Why a safety pin? It is nice to have a large selection of special gear for travelers these days: lightweight, durable, multipurpose gear that helps reduce bulk in your bag. However, often there is no need for the extra expense. With a bit of creativity, you can turn everyday items into a whole box of tools.
The standard safety pin — patented in 1849 by American mechanic Walter Hunt — is one of my favorite gadgets. Here are five uses for it that you might not have thought of:
Regardless of whether your jeans have lost their button or you’re trying to keep one of those fashionable wrap-around cardigans shut on a windy day, keeping a safety pin in your bag, can save the day.
Earrings, pearls, buttons (which themselves can keep ear studs in order), hair accessories, more safety pins… If it’s got a hole, you can string it on a safety pin to easily find it in your bag. No need to carry extra pouches or plastic bags — which are BTW illegal in some countries.
After collecting all the things I want to keep in order with my safety pins I like to attach them to the inside of one of my backpack pockets or my toiletry bag, so it truly can’t get lost; I pin it to the inside, so I don’t accidentally get stuck on the pin and pull it out.
But outside the backpack, the safety-pin can also serve to attach things: hold to ends of ribbon together to form a sling, pin your socks to the washing line if you find yourself without pegs or on a stormy day, pin the corners of your blanket to stop it from getting all muddled up.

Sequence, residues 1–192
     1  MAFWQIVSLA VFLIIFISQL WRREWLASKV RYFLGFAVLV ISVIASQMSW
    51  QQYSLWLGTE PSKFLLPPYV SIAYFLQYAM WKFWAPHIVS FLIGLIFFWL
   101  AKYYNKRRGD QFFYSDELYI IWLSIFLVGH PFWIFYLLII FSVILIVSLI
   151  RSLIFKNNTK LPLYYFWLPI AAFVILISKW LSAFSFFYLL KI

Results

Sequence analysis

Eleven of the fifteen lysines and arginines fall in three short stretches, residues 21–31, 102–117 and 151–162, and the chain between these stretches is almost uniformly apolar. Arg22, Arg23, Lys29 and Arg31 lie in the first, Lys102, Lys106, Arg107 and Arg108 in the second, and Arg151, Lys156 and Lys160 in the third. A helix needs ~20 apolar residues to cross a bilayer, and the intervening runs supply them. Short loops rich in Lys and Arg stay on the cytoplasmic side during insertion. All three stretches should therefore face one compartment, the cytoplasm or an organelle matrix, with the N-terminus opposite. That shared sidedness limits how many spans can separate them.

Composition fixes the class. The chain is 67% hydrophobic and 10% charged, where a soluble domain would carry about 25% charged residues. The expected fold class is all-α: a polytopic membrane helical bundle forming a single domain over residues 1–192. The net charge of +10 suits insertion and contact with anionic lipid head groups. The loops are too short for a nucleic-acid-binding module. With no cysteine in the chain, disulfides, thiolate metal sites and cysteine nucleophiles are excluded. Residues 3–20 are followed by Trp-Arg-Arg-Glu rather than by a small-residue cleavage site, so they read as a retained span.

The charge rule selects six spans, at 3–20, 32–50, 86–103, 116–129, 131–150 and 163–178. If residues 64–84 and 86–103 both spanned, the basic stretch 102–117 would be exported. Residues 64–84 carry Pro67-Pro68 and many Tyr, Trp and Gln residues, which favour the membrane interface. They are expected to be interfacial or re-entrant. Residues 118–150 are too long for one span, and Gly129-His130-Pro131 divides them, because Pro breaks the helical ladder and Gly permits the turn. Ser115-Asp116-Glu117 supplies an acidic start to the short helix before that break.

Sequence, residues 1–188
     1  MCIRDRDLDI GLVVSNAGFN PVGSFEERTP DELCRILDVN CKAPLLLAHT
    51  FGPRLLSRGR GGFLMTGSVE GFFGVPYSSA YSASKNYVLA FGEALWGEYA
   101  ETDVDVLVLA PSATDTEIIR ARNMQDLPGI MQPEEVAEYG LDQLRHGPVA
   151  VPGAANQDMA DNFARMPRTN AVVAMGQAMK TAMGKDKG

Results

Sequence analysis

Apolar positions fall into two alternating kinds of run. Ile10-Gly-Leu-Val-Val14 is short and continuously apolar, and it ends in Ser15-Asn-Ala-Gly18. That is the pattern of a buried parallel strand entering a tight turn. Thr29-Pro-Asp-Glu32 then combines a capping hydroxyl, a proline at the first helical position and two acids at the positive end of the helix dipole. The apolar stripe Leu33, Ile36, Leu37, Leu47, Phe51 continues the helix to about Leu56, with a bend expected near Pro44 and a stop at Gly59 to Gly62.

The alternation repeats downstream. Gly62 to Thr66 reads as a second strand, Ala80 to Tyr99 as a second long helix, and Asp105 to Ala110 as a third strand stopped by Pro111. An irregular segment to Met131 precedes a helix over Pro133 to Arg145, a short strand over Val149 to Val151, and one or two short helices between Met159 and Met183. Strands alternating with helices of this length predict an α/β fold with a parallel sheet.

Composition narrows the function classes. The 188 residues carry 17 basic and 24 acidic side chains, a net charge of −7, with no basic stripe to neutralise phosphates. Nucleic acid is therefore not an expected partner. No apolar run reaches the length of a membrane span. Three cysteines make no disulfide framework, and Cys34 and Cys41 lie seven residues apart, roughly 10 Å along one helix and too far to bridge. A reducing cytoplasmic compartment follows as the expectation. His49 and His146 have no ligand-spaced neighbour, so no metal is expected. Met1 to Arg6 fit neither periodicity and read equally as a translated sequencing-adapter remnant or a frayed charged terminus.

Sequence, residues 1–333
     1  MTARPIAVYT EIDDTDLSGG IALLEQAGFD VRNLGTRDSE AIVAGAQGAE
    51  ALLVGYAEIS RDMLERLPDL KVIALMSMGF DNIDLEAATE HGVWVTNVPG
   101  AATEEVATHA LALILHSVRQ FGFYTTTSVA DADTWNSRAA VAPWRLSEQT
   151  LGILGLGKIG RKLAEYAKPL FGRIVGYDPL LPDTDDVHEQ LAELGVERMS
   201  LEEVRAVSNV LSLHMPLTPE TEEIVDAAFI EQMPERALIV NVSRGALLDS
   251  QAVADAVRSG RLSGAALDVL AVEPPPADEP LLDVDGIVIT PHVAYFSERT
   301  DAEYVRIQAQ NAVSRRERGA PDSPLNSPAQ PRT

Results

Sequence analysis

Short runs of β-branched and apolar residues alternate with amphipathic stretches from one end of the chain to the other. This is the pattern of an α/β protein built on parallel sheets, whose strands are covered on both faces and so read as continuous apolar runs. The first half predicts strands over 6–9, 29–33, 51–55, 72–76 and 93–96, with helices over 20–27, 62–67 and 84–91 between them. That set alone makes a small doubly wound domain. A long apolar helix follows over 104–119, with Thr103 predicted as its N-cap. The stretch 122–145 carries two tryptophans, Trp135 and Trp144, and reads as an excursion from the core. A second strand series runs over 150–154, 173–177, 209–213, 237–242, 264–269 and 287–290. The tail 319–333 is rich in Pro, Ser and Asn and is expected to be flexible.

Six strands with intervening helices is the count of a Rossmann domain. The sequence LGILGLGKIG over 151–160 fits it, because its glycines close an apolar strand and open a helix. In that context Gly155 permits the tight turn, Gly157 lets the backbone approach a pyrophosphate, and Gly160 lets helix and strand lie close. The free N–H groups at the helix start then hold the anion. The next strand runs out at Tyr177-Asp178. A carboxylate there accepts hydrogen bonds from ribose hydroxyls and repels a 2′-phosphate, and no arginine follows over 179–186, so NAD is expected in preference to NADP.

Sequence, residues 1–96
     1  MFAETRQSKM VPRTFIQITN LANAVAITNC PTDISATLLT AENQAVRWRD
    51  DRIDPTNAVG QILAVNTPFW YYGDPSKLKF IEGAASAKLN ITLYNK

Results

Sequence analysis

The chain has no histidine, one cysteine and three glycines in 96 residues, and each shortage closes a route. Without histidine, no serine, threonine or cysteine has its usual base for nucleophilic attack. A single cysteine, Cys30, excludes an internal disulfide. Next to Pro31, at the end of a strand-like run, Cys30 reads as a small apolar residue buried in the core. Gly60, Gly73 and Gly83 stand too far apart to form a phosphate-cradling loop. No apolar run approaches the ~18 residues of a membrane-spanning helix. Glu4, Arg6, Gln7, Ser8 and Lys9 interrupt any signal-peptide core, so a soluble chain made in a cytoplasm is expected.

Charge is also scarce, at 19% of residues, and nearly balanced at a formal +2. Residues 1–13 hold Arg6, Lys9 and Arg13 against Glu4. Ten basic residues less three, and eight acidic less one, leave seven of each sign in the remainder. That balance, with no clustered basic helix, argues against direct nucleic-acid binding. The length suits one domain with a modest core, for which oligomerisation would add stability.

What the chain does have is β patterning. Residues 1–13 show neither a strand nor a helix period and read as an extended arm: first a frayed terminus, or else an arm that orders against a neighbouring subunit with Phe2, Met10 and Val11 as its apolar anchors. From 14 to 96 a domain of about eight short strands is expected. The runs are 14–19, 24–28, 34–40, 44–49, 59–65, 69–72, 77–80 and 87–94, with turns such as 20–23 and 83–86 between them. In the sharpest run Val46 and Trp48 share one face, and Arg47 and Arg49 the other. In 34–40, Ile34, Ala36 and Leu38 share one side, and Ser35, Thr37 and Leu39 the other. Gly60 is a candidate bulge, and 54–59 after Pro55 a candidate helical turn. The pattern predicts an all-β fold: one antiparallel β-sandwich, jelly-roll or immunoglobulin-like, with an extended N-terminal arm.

Some people claim, they can pick locks with a safety-pin. I don’t know about that. But anytime you need to punch a hole, remove a splinter when you find yourself in need of a fishing hook, desperately want to get that bit of meat out of your teeth or clean your nails* — your trusty safety pin is there to help.
Delectrify it (girl issues…)
Safety pins are made of metal, which means they can conduct electricity and thereby reduce static. Think that pesky skirts-and-tights-stick-together-and-all-the shoving-the-skirt-back-down-only-makes-things-worse situation. Try pinning a safety pin to your knickers or the skirt (best on a hidden seam).
So, there you go: five uses of the safety-pin you might not have thought of before. Next time you pack your bags make sure you include a few of those universal little helpers.
*Safety or not, it’s a still pin — a pointy thing with the potential to hurt you seriously — so, always use your brains and exercise great extra care when using a safety-pin to pick your teeth, fingers or what have you. You might even want to consider disinfecting it before and after use.